# Differential equation change of variable form

For example if the differential equation is in the form
$$\frac{dy}{dx} = f(ax+by+c),$$ we put $ax+by+c=v$.

Please, help me. I am not able to solve these questions and please give me tips so that I can improve my mathematics :

1. $\frac{dy}{dx} + 1 = e^{x-y}$

2. $\frac{dy}{dx} = \sqrt{y-x}$

3. $\frac{dy}{dx} = \sin(x+y) + \cos(x+y)$

• Hints: to get you going. For $1.$, let $v = x - y$, so $v' = 1 - y'$. For $2.$, let $v = y - x$, so $v' = y' - 1$. See a pattern here? Substitute and solve and the substitute back. Now, try $3.$ yourself. – Moo Jul 21 '17 at 5:02

$$\frac{dy}{dx} = f(ax+by+c)$$ $ax+by+c=v \quad\to\quad y= \frac{1}{b} (v-ax-c) \quad\to\quad \frac{dy}{dx} =\frac{1}{b}\frac{dv}{dx}-\frac{a}{b}=f(v)$ $$\frac{dv}{dx}=a+bf(v) \qquad\text{is a separable ODE.}$$ $$dx=\frac{dv}{a+bf(v)}\quad\to\quad x=\int \frac{dv}{a+bf(v)} +c$$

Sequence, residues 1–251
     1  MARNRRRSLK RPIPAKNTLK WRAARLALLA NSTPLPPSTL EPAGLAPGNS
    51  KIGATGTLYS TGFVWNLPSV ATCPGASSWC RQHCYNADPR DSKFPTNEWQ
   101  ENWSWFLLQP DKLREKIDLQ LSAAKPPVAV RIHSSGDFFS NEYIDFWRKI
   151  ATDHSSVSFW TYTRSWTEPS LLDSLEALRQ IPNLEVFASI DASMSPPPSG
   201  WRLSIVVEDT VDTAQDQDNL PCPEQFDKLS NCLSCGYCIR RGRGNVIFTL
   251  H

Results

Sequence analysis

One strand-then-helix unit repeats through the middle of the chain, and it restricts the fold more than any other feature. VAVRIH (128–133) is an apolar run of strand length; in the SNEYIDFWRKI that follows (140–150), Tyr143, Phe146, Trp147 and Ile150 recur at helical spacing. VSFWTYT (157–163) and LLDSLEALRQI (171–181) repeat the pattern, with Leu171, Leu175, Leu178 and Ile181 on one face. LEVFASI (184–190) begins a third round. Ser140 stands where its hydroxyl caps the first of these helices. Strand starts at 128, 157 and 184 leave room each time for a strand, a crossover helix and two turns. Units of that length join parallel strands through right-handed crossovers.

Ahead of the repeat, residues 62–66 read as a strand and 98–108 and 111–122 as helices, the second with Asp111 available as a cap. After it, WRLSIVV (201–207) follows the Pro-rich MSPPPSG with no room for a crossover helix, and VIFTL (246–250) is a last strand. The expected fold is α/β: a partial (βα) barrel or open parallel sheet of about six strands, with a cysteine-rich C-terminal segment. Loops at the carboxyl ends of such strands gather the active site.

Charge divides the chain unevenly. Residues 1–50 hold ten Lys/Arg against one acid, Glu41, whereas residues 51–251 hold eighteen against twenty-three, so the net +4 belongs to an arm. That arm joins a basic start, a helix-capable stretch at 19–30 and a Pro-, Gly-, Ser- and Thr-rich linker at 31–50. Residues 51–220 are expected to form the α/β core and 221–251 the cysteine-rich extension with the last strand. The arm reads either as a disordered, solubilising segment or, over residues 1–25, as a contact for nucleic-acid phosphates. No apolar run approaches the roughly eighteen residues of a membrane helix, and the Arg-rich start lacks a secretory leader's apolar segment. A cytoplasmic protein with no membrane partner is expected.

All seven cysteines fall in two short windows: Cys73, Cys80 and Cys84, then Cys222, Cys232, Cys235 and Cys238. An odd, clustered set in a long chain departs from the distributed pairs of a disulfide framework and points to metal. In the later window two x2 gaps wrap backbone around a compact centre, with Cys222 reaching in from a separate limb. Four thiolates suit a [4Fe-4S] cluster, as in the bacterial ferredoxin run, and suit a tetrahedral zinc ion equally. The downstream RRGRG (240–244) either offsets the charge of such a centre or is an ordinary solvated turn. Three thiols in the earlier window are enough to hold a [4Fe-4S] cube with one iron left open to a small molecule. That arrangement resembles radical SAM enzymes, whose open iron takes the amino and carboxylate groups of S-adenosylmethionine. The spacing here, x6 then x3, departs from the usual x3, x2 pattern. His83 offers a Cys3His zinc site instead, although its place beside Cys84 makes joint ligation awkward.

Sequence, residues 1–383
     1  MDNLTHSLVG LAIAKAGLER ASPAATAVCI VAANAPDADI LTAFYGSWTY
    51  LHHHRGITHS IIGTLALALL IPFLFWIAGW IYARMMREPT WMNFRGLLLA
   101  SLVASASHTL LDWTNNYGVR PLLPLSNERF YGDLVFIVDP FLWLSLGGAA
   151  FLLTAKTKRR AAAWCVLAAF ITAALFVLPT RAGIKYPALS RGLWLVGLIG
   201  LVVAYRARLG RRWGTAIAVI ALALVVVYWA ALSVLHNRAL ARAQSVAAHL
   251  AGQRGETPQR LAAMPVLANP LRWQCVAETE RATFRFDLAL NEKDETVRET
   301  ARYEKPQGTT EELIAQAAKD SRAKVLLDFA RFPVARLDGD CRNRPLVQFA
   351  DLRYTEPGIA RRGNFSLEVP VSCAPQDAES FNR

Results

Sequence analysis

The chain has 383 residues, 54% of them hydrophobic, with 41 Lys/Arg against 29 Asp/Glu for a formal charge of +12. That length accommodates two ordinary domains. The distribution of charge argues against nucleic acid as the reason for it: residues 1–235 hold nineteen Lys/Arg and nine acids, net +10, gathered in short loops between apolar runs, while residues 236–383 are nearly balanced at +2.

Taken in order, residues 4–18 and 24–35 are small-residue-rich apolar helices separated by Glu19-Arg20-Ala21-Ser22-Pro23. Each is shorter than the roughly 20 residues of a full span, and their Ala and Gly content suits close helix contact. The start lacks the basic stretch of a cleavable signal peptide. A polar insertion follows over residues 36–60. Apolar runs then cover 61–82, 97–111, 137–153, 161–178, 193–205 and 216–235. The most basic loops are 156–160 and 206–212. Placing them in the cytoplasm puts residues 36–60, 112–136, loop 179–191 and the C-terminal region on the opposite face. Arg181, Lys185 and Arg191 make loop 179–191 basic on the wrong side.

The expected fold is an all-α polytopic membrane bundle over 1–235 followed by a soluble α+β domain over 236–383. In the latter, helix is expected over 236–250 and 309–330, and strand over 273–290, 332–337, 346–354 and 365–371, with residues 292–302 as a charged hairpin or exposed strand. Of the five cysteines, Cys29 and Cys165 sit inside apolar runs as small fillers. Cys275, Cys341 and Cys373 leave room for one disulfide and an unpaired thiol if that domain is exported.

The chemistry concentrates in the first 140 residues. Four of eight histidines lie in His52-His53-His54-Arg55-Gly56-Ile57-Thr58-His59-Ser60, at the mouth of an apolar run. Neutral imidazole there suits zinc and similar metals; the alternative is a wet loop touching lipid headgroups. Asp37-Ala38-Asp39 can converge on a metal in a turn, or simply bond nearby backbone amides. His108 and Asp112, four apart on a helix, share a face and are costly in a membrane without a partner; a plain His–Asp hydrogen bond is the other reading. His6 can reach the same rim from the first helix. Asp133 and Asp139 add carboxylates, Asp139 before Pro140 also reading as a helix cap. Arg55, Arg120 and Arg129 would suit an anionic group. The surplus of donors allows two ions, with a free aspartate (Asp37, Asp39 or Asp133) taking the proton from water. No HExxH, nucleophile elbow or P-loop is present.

We have to be aware that this method doesn't always allows to express $y(x)$ on a closed form.

• First, the above integral is not always solvable on a closed form for $x(v)$.

• Second, the inverse function of $x(v)$, say $v(x)=x^{-1}(v)$ cannot be always expressed on closed form.

Only in case of the two hurdles can be overcome, one get to $v(x)$ and $y(x)= \frac{1}{b} (v(x)-ax-c)$

FOR EXAMPLE :

1. $\frac{dy}{dx} + 1 = e^{x-y} \qquad v=x-y \quad\to\quad y(x)=\ln\left(C+\frac{1}{2}e^{2x}\right)$.

2. $\frac{dy}{dx} = \sqrt{y-x}\qquad v=y-x \quad\to\quad \frac{dv}{dx} =-1+ \sqrt{v}\quad\to\quad x=\int \frac{dx}{ -1+\sqrt{v}}+C$ $x=2\sqrt{v}+2\ln(-1+\sqrt{v})+c \quad$. The inverse function involves a special function, the Lambert W function. $\quad\to\quad y(x)=x+\left(W(Ce^{x/2}) +1\right)^2$.

3. $\frac{dy}{dx} = \sin(x+y) + \cos(x+y) \qquad v=x+y \quad\to\quad \frac{dv}{dx}= -1+\sin(v) + \cos(v)\quad\to\quad x=\int \frac{dv}{-1+\sin(v) + \cos(v)} +c = \ln(\sin(\frac{v}{2} )-\ln\left(\cos(\frac{v}{2})-\sin(\frac{v}{2})\right)+c \quad\to\quad v=2\cot^{-1}\left(1+Ce^{-x} \right)\quad\to\quad y(x)=-x+2\cot^{-1}\left(1+Ce^{-x} \right)$

$$u=x-y$$ So we have,
$$\frac{du}{dx}=1-\frac{dy}{dx}$$
$$\frac{dy}{dx}=1-\frac{du}{dx}$$
$$2-\frac{du}{dx}=e^u$$
$$\frac{du}{dx}=2-e^u$$
$$\int\frac{dx}{a+be^{cx}}=\frac{1}{ac}\ln|\frac{e^{cx}}{a+be^{cx}}|+C$$